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Thread: Greenhouse, Tomatoes, and temps.

  1. #1

    Question Greenhouse, Tomatoes, and temps.

    My wife and I built a greenhouse this spring (still in the process really) and put some tomato plants in it. The plants were tall and spindly while they were in the house (lack of light I'm told). Well, now they're nice and bushy, but are only now starting to show the starts of a few flowers. I'm afraid they got going too late to actually achieve any fruit before it gets too cold. I've had one day with a temp. of 88 and another with a temp. of 89. Is the greenhouse not hot enough or did we just get started too late, or maybe a combination of both.

    We don't currently have any heat in the greenhouse...Realizing we've been blessed with warmer than normal summers the last few years, is an artificial heat source something we need to look in to for the "normal" Alaskan summers? We are about the same elevation as Service High School in Anchorage, so our ambient temp. is a little lower than it is at lower elevations.

  2. #2


    Supplemental heat would help -- especially late in the summer when temps are cooling down and you are trying to "finish off" your tomatoes. If you don't have heat in the greenhouse you can always finish the plants off in the garage or in the house. I keep our thermostat at 60-65 degrees so the heater comes on at night and on cool, cloudy days. I wouldn't worry if your plants are just now starting to bloom. If it comes down to it, you can always pick the green tomatoes and bring them inside to ripen.

    Another idea is to add some grow lights to the greenhouse. I recently added a couple of cheap 4 foot shop lights and some "daylight" or "sunshine" bulbs to my greenhouse and it has really made a difference. I have a lot of basil that had 2-4 leaves for weeks and wasn't growing a bit. 1 week after adding the lights it started to take off and about 2 or 3 weeks after that my wife picked them for the first time. Our tomatoes also really got it goin' on after adding the lights. They were well worth the $30 investment.

    Good luck!

  3. #3


    We have always put composte around the outside of the greenhouse about 1-2ft high. It works great for supplimental heating. Best thing about it is that it's free.

  4. #4
    New member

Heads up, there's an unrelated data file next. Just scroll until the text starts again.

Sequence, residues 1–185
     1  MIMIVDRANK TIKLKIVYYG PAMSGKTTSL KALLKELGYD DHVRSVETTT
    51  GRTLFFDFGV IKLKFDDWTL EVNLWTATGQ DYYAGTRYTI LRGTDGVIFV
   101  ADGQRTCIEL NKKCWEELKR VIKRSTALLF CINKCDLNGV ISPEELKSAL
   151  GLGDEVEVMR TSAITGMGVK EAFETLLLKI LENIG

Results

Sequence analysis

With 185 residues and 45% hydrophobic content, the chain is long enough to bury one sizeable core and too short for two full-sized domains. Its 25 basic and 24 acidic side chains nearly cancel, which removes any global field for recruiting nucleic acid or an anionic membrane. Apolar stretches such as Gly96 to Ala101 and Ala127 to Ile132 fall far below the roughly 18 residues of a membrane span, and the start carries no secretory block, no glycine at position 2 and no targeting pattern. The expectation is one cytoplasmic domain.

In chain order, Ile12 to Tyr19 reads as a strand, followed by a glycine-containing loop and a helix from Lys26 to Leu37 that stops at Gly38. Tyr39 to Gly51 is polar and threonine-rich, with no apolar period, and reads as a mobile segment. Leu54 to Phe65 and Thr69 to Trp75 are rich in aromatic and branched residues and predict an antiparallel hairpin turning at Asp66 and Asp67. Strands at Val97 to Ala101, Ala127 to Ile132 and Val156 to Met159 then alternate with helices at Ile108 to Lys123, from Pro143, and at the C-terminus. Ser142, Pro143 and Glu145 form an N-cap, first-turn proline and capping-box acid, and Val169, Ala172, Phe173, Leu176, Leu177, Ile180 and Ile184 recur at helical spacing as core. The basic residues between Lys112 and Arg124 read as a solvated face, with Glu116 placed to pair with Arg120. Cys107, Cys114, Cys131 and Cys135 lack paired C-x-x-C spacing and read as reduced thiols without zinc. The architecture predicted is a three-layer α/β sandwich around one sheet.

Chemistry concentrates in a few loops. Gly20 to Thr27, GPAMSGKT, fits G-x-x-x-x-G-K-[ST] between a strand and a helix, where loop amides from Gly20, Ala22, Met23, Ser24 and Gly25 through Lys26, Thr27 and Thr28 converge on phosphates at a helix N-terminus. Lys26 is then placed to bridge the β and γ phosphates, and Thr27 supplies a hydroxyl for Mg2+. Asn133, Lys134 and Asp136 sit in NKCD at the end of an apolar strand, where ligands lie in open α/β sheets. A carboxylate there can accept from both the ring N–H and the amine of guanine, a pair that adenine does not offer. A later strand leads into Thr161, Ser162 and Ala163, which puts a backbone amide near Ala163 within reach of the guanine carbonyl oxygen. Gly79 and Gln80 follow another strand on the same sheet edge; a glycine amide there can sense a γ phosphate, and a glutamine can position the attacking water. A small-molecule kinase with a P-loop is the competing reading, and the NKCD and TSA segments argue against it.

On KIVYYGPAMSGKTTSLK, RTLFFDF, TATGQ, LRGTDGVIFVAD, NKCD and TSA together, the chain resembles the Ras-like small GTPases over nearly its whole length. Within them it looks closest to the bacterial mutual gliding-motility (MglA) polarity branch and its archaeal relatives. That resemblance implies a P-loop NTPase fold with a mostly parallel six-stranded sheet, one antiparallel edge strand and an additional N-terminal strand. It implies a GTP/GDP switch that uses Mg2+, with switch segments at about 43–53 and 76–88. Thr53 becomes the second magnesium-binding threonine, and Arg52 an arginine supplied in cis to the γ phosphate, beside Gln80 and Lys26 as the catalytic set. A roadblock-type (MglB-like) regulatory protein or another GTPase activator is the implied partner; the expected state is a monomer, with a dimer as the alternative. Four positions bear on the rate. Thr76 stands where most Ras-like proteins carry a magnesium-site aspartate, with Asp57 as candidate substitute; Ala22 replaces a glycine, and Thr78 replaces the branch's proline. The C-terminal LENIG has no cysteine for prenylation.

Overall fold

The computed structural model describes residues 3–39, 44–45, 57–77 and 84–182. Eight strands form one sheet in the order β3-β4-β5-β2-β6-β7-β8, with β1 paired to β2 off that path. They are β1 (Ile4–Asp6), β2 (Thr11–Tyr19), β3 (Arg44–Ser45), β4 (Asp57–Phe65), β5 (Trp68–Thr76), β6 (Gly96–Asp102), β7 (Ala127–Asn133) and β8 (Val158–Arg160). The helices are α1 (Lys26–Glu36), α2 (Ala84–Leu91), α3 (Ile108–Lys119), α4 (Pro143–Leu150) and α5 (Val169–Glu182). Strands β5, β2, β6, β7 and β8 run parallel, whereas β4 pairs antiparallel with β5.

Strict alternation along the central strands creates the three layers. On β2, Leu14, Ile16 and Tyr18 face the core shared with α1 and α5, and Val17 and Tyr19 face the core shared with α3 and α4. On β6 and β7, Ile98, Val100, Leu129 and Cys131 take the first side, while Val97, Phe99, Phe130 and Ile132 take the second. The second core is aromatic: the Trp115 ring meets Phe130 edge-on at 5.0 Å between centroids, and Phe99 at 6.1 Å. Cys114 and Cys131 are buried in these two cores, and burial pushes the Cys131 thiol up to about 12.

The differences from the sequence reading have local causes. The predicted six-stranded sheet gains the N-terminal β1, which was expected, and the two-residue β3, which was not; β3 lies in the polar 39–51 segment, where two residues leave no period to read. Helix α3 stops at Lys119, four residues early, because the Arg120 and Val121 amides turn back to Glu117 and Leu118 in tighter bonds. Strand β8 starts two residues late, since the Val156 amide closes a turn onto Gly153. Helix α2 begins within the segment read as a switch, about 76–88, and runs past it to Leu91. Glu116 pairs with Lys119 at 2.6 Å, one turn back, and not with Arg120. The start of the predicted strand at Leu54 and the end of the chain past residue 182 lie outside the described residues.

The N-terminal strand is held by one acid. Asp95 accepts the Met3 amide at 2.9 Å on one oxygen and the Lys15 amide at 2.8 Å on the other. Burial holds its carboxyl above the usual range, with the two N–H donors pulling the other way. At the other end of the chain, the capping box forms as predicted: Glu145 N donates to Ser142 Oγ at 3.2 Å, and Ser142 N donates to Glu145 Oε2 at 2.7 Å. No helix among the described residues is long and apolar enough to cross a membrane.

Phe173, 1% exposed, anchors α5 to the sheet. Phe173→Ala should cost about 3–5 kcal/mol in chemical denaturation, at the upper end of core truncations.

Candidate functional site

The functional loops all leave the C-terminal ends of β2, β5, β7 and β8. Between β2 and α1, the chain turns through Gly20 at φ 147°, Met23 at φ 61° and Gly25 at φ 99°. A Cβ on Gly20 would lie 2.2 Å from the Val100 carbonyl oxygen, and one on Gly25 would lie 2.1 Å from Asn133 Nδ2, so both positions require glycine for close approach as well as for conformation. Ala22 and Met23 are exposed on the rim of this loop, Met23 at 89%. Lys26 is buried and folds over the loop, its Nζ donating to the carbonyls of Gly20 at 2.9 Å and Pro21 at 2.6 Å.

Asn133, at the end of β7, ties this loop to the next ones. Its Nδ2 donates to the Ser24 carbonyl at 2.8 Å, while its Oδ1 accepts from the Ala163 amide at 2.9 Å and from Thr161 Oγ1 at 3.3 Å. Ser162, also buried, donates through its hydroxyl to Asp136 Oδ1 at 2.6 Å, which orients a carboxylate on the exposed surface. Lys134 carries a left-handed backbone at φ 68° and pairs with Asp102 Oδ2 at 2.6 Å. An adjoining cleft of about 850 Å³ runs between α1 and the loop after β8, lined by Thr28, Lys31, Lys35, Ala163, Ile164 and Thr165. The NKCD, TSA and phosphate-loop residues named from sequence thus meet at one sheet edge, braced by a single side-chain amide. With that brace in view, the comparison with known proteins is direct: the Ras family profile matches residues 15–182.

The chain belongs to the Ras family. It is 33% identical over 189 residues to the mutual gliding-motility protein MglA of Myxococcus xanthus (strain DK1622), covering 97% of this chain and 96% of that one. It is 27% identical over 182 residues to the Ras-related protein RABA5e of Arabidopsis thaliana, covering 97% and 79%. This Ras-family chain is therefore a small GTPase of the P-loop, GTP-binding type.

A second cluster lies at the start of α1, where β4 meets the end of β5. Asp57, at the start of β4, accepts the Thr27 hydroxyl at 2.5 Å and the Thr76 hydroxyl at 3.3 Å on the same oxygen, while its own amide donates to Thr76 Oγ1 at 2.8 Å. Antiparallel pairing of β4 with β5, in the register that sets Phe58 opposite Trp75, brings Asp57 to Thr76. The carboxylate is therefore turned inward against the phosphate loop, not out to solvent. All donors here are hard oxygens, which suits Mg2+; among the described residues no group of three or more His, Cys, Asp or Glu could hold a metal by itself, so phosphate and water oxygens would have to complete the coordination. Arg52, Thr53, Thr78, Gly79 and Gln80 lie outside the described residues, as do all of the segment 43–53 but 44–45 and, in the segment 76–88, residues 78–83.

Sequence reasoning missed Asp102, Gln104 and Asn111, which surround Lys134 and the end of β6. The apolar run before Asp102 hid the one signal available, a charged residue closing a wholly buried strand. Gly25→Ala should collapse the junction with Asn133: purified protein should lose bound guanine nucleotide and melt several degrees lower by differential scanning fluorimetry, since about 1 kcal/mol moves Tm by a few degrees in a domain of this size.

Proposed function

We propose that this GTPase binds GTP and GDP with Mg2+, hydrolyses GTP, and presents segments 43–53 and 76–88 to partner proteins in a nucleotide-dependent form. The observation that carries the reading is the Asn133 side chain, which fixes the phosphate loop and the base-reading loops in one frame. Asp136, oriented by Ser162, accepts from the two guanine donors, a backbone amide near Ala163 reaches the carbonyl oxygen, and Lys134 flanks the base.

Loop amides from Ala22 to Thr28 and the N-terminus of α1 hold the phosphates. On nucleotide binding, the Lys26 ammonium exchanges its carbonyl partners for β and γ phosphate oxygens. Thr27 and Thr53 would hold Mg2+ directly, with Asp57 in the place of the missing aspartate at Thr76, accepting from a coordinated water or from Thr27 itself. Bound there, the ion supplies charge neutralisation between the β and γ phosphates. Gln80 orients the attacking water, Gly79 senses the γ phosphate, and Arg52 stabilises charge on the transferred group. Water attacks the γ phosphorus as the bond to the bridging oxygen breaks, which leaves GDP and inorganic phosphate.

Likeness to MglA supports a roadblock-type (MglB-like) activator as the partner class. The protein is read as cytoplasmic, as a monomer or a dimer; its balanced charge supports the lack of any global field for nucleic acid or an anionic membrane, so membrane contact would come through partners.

Join Date
    Nov 2008

    Default Alaska Gardening > Greenhouse, Tomatoes, and temps.

    The Right Tomato. For the typical hobby greenhouse (8x5, 8x10, 8x12), cool season "determinate" tomatoes are best. These tend to be fairly compact plants (under 4 feet tall) that do not put on lots of growth after they set fruit. Determinate tomatoes usually ripen at the same time; so, choose several tomatoes that will ripen at different times, going from seed to fruit in 50-70 days. A "Warm Greenhouse". This is one that maintains a nighttime temperature range of 55-70 degrees, preferably above 60 degrees for tomatoes. Daytime temperatures should range from 75-85 degrees. A heater, in conjunction with a thermostatically controlled vent fan, can easily provide that temperature range throughout most of California.

  5. #5
    Member COtoAK's Avatar
    Join Date
    May 2007
    North Pole, Alaska


    Huntress will have some really good advice for you on this topic as well.

    My suggestion is that you plant your toms the 2nd or 3rd week of March. No later. We usually make a little heating lamp inside and let them grow for almost 2 weeks before transporting them into bigger pots.
    After we transport them, we usually wait another 4-6 weeks until buds start.
    At this point, I would go ahead and transport them to your greenhouse.
    When you purchase your seeds, it will tell you on the back of the package. If you are located in the Interior, Holm Town Nursery is available for you and they have full charts on when to plant.
    I think that 89 degrees inside of your greenhouse might be a little high.
    Here is a good link to growing tomatoes.
    I am sure that you can probably find more on it online.

    How big of a greenhouse are you planning on making?
    Do you know what kind? A frame? Barn style?
    This year, it's our big project as well. We are going to see if we can try to get some radiant heat out to our greenhouse to warm it up.

  6. #6
    Join Date
    Apr 2006
    Riverfront Alaska

    Default Black Plastic

    I planted six tomato plants in a six by eight clear plastic green house. I put black plastic on the ground around the plants to absorb the suns heat during the day and holding that heat at night, that worked for me. Before that I would only get green tomatoes.
    If you take the woods out of the woodsman you have nothing left but a man in the woods.


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